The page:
The Conceptual Origin of Subject–Body Dualism

Martine Nida-Rümelin

in The Self and Self-Knowledge

Published in print April 2012 | ISBN: 9780199590650
Published online May 2012 | e-ISBN: 9780191741043 | DOI:
The Conceptual Origin of Subject–Body Dualism

Show Summary Details


According to subject–body dualism the experiencing subject is neither identical nor constituted by its body. It is argued that a weak version of subject–body dualism is deeply incorporated into our thought. The purpose of the paper is to describe the conceptual origin of subject–body dualism and to thereby uncover a deep intuition according to which we are perfect individuals. A perfect individual is not constituted by any of its properties, or by being composed of a specific concrete stuff. The intuitive appeal of subject–body dualism can be explained by the insight that we naturally conceive of conscious beings as perfect individuals; this conception can be detected in features of counterfactual thought about ourselves and other beings that we take to be conscious. The conceptual explanation proposed of the dualist intuition does not, however, undermine the dualist view which is based on that intuition.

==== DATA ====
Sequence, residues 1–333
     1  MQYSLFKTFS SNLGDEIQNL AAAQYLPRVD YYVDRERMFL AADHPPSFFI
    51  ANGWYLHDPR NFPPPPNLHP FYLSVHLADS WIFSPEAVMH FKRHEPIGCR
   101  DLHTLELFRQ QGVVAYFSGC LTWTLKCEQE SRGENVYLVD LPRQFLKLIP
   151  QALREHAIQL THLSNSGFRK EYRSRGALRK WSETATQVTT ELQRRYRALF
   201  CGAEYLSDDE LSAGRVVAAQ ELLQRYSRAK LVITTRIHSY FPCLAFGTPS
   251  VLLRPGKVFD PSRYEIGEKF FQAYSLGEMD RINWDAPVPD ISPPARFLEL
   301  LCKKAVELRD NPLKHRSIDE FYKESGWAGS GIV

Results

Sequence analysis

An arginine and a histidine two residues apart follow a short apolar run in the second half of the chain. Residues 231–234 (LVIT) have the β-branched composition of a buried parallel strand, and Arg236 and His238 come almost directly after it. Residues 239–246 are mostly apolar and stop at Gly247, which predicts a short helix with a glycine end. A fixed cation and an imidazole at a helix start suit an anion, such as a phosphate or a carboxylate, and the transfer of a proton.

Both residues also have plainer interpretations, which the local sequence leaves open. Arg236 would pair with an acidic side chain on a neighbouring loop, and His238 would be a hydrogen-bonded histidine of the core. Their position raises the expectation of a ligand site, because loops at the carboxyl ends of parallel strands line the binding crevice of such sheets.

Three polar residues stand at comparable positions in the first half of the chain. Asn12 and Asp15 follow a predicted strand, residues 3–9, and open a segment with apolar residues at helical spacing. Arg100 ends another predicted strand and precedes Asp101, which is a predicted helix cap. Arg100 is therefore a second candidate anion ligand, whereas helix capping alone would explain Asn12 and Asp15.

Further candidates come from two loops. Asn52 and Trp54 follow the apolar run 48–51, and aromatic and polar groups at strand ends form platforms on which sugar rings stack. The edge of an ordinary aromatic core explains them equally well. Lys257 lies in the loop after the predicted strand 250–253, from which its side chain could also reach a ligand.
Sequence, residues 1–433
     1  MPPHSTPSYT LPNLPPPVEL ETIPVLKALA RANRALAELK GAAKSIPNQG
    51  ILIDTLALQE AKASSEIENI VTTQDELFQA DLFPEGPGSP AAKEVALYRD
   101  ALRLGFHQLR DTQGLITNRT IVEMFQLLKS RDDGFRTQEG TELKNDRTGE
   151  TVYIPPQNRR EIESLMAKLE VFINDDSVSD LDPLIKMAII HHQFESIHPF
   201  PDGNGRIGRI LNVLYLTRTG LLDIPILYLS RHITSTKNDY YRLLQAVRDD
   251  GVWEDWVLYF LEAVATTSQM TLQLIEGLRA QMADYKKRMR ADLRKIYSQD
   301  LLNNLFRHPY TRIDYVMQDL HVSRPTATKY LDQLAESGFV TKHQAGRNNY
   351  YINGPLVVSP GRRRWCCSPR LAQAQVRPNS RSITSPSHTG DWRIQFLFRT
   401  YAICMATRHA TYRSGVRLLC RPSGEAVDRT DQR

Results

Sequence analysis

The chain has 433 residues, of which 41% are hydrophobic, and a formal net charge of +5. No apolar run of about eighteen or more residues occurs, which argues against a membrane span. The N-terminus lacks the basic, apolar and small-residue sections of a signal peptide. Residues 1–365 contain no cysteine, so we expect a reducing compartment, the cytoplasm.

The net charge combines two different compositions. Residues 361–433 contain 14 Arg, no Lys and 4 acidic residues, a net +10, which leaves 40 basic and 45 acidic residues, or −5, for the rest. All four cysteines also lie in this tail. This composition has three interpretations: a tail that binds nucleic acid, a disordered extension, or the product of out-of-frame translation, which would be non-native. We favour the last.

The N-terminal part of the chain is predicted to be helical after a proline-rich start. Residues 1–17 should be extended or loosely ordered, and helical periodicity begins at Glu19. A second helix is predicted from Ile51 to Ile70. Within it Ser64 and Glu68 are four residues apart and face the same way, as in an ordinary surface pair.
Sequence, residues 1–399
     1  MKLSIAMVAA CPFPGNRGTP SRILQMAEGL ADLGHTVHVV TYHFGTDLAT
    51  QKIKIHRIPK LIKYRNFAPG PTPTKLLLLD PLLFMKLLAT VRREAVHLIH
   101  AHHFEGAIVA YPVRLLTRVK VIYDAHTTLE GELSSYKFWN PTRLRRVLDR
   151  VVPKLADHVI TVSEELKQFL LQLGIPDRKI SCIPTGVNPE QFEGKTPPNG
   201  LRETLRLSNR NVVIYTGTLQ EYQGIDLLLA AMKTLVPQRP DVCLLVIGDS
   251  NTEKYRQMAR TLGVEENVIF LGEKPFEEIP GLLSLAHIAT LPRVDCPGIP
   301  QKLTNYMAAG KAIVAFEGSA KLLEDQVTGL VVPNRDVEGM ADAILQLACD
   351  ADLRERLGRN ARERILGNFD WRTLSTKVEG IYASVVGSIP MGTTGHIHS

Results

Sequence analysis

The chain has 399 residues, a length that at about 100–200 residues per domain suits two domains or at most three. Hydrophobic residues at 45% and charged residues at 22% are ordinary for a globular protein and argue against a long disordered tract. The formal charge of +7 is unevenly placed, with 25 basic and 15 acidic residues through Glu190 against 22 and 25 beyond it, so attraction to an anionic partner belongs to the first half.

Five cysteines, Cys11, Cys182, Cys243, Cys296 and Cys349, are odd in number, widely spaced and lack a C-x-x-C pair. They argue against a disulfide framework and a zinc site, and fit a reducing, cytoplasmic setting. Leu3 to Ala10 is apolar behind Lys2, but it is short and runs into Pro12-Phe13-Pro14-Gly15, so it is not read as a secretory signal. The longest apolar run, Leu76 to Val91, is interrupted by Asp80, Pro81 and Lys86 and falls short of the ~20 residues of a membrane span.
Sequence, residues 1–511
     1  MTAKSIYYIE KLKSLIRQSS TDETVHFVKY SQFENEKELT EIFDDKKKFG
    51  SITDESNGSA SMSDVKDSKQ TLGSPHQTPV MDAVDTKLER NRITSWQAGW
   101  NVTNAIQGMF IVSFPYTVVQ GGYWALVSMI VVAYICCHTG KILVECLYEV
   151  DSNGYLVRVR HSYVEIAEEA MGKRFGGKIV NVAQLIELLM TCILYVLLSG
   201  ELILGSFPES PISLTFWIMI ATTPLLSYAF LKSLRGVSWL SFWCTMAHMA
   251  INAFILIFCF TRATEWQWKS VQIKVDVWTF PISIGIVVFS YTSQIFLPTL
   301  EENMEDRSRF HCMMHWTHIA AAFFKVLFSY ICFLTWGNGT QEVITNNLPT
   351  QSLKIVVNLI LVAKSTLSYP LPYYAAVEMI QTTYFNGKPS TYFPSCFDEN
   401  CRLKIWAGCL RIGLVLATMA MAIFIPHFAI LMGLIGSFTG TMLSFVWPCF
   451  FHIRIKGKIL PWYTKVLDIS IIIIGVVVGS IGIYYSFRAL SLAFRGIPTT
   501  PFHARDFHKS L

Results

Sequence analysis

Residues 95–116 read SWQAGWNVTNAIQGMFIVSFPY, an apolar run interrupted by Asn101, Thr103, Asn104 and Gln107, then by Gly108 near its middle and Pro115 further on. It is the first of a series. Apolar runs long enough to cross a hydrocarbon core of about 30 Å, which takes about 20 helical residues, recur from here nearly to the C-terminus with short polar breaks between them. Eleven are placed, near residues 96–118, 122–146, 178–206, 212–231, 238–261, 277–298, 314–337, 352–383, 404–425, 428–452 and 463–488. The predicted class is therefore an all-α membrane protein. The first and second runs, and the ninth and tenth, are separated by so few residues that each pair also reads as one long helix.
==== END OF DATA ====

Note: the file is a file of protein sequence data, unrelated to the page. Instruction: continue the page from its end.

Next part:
Keywords: Conceptual explanation of dualist intuition; perfect individuals; individuality of conscious beings; natural conception of experiencing subjects; counterfactual first person thought

Chapter.  19011 words. 

Subjects: Metaphysics

Full text: subscription required

How to subscribe Recommend to my Librarian

Buy this work at Oxford University Press »

Users without a subscription are not able to see the full content. Please, subscribe or login to access all content.